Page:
In Charles Swindoll’s book Hand Me Another Brick, he delineates lessons on leadership based on the story of Nehemiah’s rebuilding of the temple. In it, while recounting how the Israelites became discouraged along the way, Swindoll writes about how discouragement can often “become the catalyst for incredible achievements” because it is often “a barrier that Satan erects between great people and great achievements.” In other words, Satan desires for us to lose heart before we can accomplish the things that God has set before us, and he uses the tool of discouragement to accomplish just that.
If we accept Swindoll’s position (and there seems to be a lot of evidence to support it), than it puts renewed meaning on the command in Scripture that part of our responsibilities as Christians is to encourage other Christians. It’s easy to think of encouragement as just a nice way to make someone else feel better. But our exhortations can do so much more than that. Our encouragement to other believers could be that which prompts them to keep on even after they’ve lost heart. Our encouragement can be that which motivates them to accomplish the great things that God desires for their lives. Let us, therefore, not think of encouragement as something nice, but as something sacred.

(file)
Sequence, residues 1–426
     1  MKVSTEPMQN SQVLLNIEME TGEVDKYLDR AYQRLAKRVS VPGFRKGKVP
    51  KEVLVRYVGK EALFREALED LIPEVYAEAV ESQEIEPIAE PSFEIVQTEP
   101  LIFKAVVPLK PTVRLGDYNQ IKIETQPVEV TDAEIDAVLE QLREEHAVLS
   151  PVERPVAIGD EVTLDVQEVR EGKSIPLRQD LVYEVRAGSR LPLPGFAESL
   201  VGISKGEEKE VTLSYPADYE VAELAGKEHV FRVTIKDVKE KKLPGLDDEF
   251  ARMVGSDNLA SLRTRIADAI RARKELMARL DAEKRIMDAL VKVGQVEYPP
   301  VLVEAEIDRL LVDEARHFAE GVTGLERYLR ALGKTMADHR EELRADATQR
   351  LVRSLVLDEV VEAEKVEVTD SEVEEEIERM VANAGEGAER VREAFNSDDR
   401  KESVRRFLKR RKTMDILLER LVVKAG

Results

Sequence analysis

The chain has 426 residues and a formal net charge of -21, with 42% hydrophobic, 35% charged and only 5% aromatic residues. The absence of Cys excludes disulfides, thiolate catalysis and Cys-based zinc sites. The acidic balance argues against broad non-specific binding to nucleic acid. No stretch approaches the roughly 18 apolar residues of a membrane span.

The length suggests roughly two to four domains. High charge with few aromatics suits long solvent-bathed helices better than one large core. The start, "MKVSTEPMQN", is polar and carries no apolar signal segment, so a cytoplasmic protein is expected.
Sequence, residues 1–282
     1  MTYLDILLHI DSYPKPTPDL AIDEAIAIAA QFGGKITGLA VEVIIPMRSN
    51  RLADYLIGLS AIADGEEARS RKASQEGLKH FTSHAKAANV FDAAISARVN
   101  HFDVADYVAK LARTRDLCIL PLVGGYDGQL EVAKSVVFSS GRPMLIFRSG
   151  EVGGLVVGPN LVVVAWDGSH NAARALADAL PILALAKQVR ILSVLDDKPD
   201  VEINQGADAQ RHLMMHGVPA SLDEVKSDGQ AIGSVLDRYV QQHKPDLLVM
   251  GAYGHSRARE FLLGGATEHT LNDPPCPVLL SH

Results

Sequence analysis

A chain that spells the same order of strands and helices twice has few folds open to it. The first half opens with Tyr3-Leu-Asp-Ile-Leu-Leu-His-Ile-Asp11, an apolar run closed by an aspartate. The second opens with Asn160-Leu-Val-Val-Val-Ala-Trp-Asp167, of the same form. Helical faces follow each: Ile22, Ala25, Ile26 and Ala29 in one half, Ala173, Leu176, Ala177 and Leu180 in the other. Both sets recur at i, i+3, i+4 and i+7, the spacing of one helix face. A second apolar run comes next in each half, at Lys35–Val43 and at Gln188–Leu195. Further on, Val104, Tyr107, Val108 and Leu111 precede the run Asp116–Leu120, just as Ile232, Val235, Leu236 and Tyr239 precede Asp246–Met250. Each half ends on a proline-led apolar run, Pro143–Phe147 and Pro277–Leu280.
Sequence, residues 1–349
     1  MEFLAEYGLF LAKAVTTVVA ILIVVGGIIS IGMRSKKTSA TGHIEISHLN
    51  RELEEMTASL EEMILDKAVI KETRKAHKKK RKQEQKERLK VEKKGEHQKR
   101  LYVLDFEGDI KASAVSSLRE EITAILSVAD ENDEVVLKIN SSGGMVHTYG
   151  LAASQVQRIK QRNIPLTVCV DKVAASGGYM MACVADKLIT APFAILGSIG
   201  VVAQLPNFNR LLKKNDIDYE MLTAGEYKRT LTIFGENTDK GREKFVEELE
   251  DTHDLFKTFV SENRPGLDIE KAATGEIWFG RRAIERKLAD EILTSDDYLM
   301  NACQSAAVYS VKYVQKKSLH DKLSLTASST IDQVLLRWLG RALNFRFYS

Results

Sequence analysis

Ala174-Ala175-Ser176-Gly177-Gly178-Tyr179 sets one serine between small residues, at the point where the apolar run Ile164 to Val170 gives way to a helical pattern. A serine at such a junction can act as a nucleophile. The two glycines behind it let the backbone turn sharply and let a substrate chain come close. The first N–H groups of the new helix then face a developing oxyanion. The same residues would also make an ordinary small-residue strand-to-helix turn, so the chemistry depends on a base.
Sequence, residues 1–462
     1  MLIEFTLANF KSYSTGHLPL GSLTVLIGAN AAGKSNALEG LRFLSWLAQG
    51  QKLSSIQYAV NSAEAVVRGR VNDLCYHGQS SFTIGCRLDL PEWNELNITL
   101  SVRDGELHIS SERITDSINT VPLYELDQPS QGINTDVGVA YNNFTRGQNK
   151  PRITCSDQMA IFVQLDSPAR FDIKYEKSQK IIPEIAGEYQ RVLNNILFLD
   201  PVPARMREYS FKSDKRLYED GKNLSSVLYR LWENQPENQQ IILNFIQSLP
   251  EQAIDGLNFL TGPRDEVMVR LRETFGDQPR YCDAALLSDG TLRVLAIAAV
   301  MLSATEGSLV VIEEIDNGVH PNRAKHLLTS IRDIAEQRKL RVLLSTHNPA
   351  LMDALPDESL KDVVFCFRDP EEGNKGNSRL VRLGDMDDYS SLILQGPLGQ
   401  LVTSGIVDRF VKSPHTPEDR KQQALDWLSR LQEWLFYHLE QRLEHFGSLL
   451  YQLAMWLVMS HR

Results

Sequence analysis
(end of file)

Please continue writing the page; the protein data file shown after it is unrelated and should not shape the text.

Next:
Charles Spurgeon, a preacher used by God mightily in his day and whose words still impact hearts for Christ, wrote “Before any great achievement, some measure of the same depression is very usual…..This depression comes over me whenever the Lord is preparing a larger blessing for my ministry.” Knowing that God may use our words to enrich the ministry of another and further advance His kingdom, may we commit anew not to lose heart, and to encourage each other “all the more” as we “see the Day approaching.” (Heb. 10:25)